(*When I taught viking weave to my class I gave them hexagonal unsharpened pencils to use (a cheap option - 1 pack of 10 pencils), which I won't do again as some of the students pulled the wire quite tight and the wire bit' into the pencil so it took ages to wiggle the weaves off the pencils All the effort was worth it though to see the look on their faces when even the most uneven, loopy, twisted weaves came out of the drawplate transformed)

    Thank you for that photo tutorial link - it has another method of adding wire that I haven't seen before. The tutorial I learnt from is Vikingknit Directions, and have since written my own for my class, but I have never been entirely happy with the way I add the wire as sometimes you get an obvious 'double stitch' (well I can see it!) so will try the 'twisting wire join' next time.

    This is my 1000th post!!
    CONGRATULATIONS on your 1000th Post
    OH my goodness cant wait to see your necklaces - that's my next project planned so you will be my inspiration.
    Thanks Nicci! Keep looking at the bright pink wires now and wondering If I could make a Rainbow, lol
    I found a few photo tutorials that one had the best pictures, the pencil idea sounds cool. The kit I was bought was from StephanieEddy.com and cost $49.00 it came with wire, a delrin style draw plate and delrin hexagonal mandrel with a 6 petal daisy on the top. A bit costly but very easy to start on.
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  6. #6
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    Quote Originally Posted by MuranoSilver View Post
    ~ I used to love wire work then went off it for aaaaages. This might just get me into it again!

    Not tried the double knit yet but would love to see some examples (if you haven't sold them all already as I bet they're gorgeous!) Tapering it sounds interesting, is that something you do in the weave or by making it go through the not pulling all the way through on the draw plate?

    CONGRATULATIONS on your 1000th Post
    OH my goodness cant wait to see your necklaces - that's my next project planned so you will be my inspiration.
    Thanks Nicci! Keep looking at the bright pink wires now and wondering If I could make a Rainbow, lol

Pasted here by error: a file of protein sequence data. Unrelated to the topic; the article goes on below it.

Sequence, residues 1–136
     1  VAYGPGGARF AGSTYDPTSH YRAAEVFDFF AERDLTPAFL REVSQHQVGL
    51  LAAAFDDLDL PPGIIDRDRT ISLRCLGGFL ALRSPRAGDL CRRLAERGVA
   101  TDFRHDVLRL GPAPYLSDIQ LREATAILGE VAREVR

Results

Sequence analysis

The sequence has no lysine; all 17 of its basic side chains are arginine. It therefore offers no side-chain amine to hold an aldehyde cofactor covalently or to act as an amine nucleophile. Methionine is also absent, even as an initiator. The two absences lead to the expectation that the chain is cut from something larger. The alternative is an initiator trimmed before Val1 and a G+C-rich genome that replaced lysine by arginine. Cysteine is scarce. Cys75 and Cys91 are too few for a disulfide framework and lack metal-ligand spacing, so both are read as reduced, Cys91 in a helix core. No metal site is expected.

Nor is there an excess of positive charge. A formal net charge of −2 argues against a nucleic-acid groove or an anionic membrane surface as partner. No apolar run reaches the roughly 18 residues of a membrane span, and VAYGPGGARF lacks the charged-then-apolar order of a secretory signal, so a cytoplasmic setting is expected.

I found a few photo tutorials that one had the best pictures, the pencil idea sounds cool. The kit I was bought was from StephanieEddy.com and cost $49.00 it came with wire, a delrin style draw plate and delrin hexagonal mandrel with a 6 petal daisy on the top. A bit costly but very easy to start on.
    I have some photos at home so will post them later tonight/tomorrow morning.

    The tapered version is working your way up from 0.5, 0.6,0.7, 0.8 and 0.9 then back down again. The only problem with this is that you cannot pull it through a draw plate and has to be tugged by hand and a vice, annealed regularly and then finished by tapping with a hammer. I tink I may have a pic of my first attempt which became part of a necklace. Again I will post it later (on works computer at present.

    Cheers
    S

  7. #7
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    Wow Sheltie
    Can't wait to see those ~ that tapered weave sounds like a very masterful thing to do
    bet it looks gorgeous
    If you ever do a tutorial on tapered weave can I be first in the queue
    Nic xx
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  8. #8
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    That's gorgeous Nic - looks so complicated!

  9. #9
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    Gorgeous Nic. Its a weave thats on my (miles long) to do list

  10. #10
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    Here is the first tapered viking knit that I did. and believe me the easy part was the weave the hard part was pulling it into shape. The piece was too short for a bracelet so I put it into the front part of a necklace. The remaining chain was a 5 stitch single knit pulled down to 3mm and it worked.

    Please excuse the quality of the photo as it was done quickly before the necklace was given to the National Gulf Veterans and Families Association (NGVFA) as a raffle prize for their respite break week at the end of March
    Attached Thumbnails Attached Thumbnails Tapered viking knit close up.jpg